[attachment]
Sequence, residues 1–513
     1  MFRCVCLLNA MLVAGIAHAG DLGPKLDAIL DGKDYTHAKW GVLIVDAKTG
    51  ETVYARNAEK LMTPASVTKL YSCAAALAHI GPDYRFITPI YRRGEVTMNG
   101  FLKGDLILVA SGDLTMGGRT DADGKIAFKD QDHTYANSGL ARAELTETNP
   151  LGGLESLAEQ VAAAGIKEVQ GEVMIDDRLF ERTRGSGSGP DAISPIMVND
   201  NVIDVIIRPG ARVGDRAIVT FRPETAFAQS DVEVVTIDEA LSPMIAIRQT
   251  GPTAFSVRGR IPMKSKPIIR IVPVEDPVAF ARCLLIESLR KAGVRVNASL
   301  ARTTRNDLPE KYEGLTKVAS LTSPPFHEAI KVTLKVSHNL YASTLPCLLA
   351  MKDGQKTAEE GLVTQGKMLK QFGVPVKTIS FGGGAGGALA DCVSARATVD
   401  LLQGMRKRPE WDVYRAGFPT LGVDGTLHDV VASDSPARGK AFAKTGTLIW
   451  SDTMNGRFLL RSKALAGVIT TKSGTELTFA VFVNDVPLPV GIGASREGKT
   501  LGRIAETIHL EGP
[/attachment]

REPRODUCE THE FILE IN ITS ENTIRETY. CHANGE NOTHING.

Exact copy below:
Sequence, residues 1–513
     1  MFRCVCLLNA MLVAGIAHAG DLGPKLDAIL DGKDYTHAKW GVLIVDAKTG
    51  ETVYARNAEK LMTPASVTKL YSCAAALAHI GPDYRFITPI YRRGEVTMNG
   101  FLKGDLILVA SGDLTMGGRT DADGKIAFKD QDHTYANSGL ARAELTETNP
   151  LGGLESLAEQ VAAAGIKEVQ GEVMIDDRLF ERTRGSGSGP DAISPIMVND
   201  NVIDVIIRPG ARVGDRAIVT FRPETAFAQS DVEVVTIDEA LSPMIAIRQT
   251  GPTAFSVRGR IPMKSKPIIR IVPVEDPVAF ARCLLIESLR KAGVRVNASL
   301  ARTTRNDLPE KYEGLTKVAS LTSPPFHEAI KVTLKVSHNL YASTLPCLLA
   351  MKDGQKTAEE GLVTQGKMLK QFGVPVKTIS FGGGAGGALA DCVSARATVD
   401  LLQGMRKRPE WDVYRAGFPT LGVDGTLHDV VASDSPARGK AFAKTGTLIW
   451  SDTMNGRFLL RSKALAGVIT TKSGTELTFA VFVNDVPLPV GIGASREGKT
   501  LGRIAETIHL EGP